A National Plan of Action to support traumatized tsunami survivors is on the table
Helping them to live again
By Kumudini Hettiarachchi
She was a teacher in the interior of the country leading a routine life. She was happily married with two grown up children - a son and a daughter. That was before December 26. The day the tsunami struck, she and her children had gone south because her husband was working there. On the morning of that tragic day, her husband and son had gone to the beach and she and her daughter were preparing to join them.

They were in a room in the house by the beach and her daughter was combing her hair when the killer waves crashed in with all the fury only nature can muster. As her daughter was swept away by the monster waves, her pleading gaze locked with her mother's eyes. That was the last her mother saw of her. The bodies of all three members of her family - husband, son and daughter have not been found.

Life, naturally, has changed drastically for this teacher. At times she is suicidal and at other times she feels guilty that she did not save her daughter. "Why am I alive?" she keeps asking herself when everyone else, especially her daughter who was nearby her is dead. Suddenly she is furious with her husband for asking her and the children to come down south. She wants to give up all worldly things and go become a Bhikkuni. In a little while she changes her mind and wants to go abroad or get a transfer from her present school.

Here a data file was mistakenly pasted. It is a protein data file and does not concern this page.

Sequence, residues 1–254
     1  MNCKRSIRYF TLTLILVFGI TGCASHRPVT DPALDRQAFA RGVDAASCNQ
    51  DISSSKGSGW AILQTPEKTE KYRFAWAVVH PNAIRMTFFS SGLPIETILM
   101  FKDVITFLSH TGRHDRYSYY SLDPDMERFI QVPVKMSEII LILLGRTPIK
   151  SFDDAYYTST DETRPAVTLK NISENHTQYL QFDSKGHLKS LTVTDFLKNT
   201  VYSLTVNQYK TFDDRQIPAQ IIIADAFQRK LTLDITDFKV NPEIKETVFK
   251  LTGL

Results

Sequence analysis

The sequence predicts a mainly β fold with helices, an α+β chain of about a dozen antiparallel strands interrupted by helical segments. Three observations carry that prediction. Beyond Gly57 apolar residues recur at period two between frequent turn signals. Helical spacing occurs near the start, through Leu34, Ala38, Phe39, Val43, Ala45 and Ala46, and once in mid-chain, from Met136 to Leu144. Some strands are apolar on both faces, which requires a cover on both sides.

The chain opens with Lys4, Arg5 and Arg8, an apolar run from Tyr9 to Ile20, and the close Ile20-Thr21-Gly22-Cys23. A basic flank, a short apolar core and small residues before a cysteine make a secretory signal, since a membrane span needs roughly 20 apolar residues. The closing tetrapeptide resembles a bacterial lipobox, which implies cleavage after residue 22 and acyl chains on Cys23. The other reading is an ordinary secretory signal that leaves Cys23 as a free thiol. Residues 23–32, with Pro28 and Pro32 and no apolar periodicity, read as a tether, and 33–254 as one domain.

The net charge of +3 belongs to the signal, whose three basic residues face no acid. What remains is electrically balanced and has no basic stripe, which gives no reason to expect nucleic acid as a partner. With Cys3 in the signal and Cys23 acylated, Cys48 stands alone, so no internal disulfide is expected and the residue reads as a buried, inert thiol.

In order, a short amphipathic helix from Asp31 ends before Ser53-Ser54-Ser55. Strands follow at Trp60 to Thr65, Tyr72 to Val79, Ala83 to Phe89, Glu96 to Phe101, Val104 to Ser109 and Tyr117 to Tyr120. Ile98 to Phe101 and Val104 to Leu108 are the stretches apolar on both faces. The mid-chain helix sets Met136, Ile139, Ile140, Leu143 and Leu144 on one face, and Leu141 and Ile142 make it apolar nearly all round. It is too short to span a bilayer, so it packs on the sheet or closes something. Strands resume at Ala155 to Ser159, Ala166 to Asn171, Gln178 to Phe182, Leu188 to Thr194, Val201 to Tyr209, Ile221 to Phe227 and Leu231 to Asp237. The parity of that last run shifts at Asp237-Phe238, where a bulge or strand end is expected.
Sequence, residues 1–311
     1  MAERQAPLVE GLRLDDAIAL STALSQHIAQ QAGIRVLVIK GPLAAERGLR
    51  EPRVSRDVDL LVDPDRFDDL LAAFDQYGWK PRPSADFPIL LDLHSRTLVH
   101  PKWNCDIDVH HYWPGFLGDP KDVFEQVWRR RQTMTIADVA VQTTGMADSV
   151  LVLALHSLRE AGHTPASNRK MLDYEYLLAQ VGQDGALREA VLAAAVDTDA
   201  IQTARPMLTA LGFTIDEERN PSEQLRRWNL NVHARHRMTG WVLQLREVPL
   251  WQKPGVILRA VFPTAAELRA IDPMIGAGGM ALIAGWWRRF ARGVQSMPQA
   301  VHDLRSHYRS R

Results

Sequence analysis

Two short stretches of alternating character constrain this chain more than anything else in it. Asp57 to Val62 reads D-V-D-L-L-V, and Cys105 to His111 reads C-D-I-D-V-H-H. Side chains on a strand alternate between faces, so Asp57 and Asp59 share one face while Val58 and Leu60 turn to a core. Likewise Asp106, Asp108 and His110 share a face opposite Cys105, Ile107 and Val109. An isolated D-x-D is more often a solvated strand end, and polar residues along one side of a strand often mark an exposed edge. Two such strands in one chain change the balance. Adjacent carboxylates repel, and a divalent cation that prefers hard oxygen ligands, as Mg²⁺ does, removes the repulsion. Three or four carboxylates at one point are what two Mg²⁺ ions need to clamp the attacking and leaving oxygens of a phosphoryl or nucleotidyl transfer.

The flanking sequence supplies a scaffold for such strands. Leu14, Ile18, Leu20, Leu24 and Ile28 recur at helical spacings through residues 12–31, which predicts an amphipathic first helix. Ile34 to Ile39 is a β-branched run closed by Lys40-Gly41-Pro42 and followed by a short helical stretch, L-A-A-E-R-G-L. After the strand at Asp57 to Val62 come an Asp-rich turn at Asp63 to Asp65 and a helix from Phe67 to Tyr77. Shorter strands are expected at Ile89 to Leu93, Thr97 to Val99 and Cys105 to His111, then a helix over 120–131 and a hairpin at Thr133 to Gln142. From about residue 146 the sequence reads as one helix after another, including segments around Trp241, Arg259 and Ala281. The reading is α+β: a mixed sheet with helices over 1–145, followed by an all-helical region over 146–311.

When she weeps, concerned relatives ask her not to cry, that it is not good for her. They suggest she go abroad. She has been taken to many a temple - but she just does not want to hear anymore. She can't sleep or eat. When she does fall asleep, nightmares jolt her out of her slumber. Well-meaning relatives have hidden her son's clothes, but she wants to see them, touch them. She wonders whether she is mad.

How do you deal with her and thousands of others like her? What is the best approach - to go in immediately after a disaster like the tsunami and make the survivors talk? Should a stream of people in the form of donors, counsellors, helpers and journalists keep asking the tsunami survivors to repeat their ordeal? Will it re-traumatise the survivors?

These are the complex and intangible issues, with no straightforward answers, that psychiatrists and psychologists have been tackling in a bid to alleviate the mental suffering of the tsunami survivors. There is no one model only individual preferences.

The other major issue is what will happen to all the different types of data being gathered by so many diverse organizations. After numerous visits to the tsunami-affected areas and many long hours of discussions and arguments, the Directorate of Mental Health Services of the Health Ministry in consultation with the Psychosocial and Mental Health Interventions Committee of the Centre for National Operations (CNO), professional organizations and NGOs has put on the table a proposed National Plan of Action. The Sunday Times learns that it is likely to be approved soon.

"Many people experience distressing physical and emotional reactions in the immediate aftermath of a disaster. These are recognized as normal reactions to an extremely stressful situation. This does not mean that people are mentally ill, only traumatized," says Dr. Athula Sumathipala, Coordinator of the psychosocial desk of the CNO.